An Ode to 'Whole Lotta Rosie': Rock's Big Girl Banger

Queen had their “Fat Bottom Girls.” U2 had their b-side tribute to the wonder that are pregnant women with “Big Girls Are Best.” However, the definitive rock anthem for plus-size ladies everywhere is AC/DC’s “Whole Lotta Rosie.” Featured on Let There Be Rock, the band’s fourth studio album released on March 21, 1977, “Whole Lotta Rosie” brings the LP to an epic close and has become one of the most beloved tracks in AC/DC’s catalog.

This is the Most Annoying Thing About the Rock Hall Nominations Every Year

The Rock and Roll Hall of Fame nominations and the subsequent class selections are easily the most popular debate topics in the rock world every year. Regardless of who actually is nominated and voted into the Rock Hall, the discussions around the whole process are passionate, lengthy and often fun. However, without fail, one take is always dragged out year after year by someone, and frankly, it must stop.

Ozzy Osbourne's 'Ordinary Man' Was One Of The Bright Spots Of 2020

Considering everything that happened in 2020, it’s actually quite easy to forget about some of the positive things from this year, especially if they happened pre-coronavirus, which seems like another lifetime ago. However, something rock fans the world over need to be grateful for this year was the release of Ordinary Man, the twelfth studio album from Ozzy Osbourne. Released on February 21, Ordinary Man marked Ozzy’s first new album since 2010’s Scream. Despite being shut out from receiving a

Pink Floyd: Looking Back on Their Live 8 Reunion Performance

Pink Floyd and their reunion at Live 8 in 2005 was the band’s first performance with Roger Waters, who celebrates his birthday today (September 6), in 24 years. While held to the tight 20-minute set time that every performer had during the benefit concert, Pink Floyd, without question, owned the event with their setlist of “Breath,” “Money,” “Wish You Were Here” and “Comfortably Numb.” While Waters and David Gilmour did butt heads regarding the setlist and took some convincing to agree to the

2020 Rock and Roll Hall of Fame Nominees: 9 Women Artists Who Were Snubbed

From May 2011 to February 2012, the Rock and Roll Hall of Fame featured an exhibit called “Women Who Rock: Vision, Passion, Power.” From September 2012 to August 2014, the exhibit traveled around to various museums in the United States. It made its final stop at The Henry Ford Museum in Dearborn, Mich. where I was given a private tour of the collection from over 70 different performers, from Janis Joplin and Tina Turner to Chrissie Hynde and Stevie Nicks. While the exhibit’s artifacts dated bac

Sarfraz Manzoor Recounts His Most Unique Encounter with Bruce Springsteen

Sarfraz Manzoor delved deep into his Bruce Springsteen fandom in his memoir Greetings from Bury Park, which has been adapted into the film Blinded By The Light that opens tomorrow (August 16.) One of the most interesting facts about his fandom is the fact he’s seen The Boss in concert over 150 times. With that many shows, there’s plenty of different venues where he’s seen Springsteen live, but one of his most memorable experiences took place in a very intimate setting: “This isn’t a venue at a

'Blinded By The Light: Writer Sarfraz Manzoor Talks About Film Adaptation of His Memoir, Springsteen's Blessing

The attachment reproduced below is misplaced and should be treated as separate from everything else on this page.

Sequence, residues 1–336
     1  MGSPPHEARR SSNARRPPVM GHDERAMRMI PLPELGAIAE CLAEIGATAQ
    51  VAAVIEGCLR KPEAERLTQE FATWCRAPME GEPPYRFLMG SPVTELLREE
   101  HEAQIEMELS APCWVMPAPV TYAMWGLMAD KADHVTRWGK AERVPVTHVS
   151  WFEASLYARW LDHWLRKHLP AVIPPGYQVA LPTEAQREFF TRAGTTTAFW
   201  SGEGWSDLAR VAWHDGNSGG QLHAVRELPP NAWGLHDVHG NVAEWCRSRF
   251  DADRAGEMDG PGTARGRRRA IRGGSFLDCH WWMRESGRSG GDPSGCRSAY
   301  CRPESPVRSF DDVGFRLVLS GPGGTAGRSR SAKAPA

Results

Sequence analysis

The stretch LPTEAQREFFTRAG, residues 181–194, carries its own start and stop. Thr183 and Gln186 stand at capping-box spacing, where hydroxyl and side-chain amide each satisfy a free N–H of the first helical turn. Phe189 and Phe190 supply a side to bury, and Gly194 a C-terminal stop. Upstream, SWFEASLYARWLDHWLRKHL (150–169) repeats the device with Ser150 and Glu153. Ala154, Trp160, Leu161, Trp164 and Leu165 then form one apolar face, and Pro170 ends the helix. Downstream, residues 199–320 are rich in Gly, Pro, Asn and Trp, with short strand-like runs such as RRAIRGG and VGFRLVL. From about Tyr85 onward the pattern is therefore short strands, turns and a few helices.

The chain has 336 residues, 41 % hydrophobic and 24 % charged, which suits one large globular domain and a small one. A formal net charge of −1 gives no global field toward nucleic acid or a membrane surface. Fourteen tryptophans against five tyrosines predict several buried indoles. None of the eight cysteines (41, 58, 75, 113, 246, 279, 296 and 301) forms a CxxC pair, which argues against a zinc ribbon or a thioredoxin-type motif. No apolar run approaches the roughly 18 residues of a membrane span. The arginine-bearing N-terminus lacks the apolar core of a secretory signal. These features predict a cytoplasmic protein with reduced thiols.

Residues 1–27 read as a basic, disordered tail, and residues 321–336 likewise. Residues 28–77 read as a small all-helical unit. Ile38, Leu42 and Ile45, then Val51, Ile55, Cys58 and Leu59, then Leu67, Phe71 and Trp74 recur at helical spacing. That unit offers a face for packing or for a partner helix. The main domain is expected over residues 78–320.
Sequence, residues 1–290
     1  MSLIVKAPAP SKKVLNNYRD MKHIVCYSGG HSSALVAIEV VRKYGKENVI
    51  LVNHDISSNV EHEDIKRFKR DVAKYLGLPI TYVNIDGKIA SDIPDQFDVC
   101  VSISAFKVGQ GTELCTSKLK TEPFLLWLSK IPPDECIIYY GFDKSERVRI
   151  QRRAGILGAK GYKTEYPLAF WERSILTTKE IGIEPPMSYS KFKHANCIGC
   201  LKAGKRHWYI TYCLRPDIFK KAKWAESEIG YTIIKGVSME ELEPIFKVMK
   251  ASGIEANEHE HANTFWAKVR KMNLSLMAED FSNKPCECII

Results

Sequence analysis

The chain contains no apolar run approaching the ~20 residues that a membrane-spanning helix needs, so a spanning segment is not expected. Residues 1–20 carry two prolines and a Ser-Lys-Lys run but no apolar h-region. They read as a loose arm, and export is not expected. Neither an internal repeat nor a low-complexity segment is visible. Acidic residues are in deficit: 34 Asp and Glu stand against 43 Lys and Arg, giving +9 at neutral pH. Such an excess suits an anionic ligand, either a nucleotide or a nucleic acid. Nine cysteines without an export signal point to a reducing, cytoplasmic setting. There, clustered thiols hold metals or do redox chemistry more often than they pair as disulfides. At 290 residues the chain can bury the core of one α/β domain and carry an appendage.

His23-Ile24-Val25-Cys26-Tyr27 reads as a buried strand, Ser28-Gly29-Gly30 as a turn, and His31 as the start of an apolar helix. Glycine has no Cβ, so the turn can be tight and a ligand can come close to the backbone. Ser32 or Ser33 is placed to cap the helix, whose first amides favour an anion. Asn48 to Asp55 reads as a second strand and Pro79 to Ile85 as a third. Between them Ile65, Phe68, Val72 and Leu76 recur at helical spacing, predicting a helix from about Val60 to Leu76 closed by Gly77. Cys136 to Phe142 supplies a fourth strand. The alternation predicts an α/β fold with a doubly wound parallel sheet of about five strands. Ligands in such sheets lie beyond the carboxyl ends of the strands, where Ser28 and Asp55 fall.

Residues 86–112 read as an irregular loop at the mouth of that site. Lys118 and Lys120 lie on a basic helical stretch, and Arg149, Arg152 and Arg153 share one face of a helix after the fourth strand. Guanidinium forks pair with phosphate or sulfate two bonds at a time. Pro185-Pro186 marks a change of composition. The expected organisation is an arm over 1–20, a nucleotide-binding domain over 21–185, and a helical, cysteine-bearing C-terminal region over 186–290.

Growing up, most people have that band or singer that forever changes you, and it’s that moment and mountain-moving feeling that’s at the core of Blinded By The Light. The film is based on Greetings from Bury Park, a memoir by Sarfraz Manzoor that chronicles how the music of Bruce Springsteen impacted his life growing up as a Pakistani teenager in a small English town during the 1980s. Manzoor co-wrote the screenplay with director Gurinder Chadha, best known for 2002’s Bend It Like Beckham, and

REVIEW: 'Rocketman' Touches Down Where 'Bohemian Rhapsody' Should Have Landed

Let’s cut to the chase: With the release of the Elton John film Rocketman, there are undoubtedly going to be a lot of comparisons between this film and the uber-successful Freddie Mercury/Queen biopic Bohemian Rhapsody. That’s unavoidable since two films about two British music icons are being released less than a year apart. What’s also unavoidable is this truth: Rocketman is the far superior film, for many reasons. For starters, Rocketman certainly isn’t your average biopic. For most of the p

We All Need to Give Up on a Led Zeppelin Reunion

There are many musical moments that are celebrating their 50th anniversary this year, and among those are the 50th anniversaries of Led Zeppelin I and Led Zeppelin II. In recent years, the Zeppelin catalog has received a massive reissue campaign, and in honor of their big 5-0, the band, as a brand, has expanded to include various partnerships from Vans to Burton Snowboards. But if there’s one thing that shouldn’t happen along with Zeppelin’s golden anniversary, it’s a reunion. Robert Plant has

Motley Crue: The Trouble With 'The Dirt'

I’m not one for early mornings, but I was finally able to get out of bed around 5:30 AM to watch the highly-anticipated film adaptation of the Motley Crue memoir The Dirt. In hindsight, I should have requested a press screener from Netflix, but sometimes life and never-ending to-do lists distract you from thinking logically. Twenty minutes after finishing the movie, my groggy mind was struggling to figure out what exactly was wrong with The Dirt. Something just didn’t feel right once the 10
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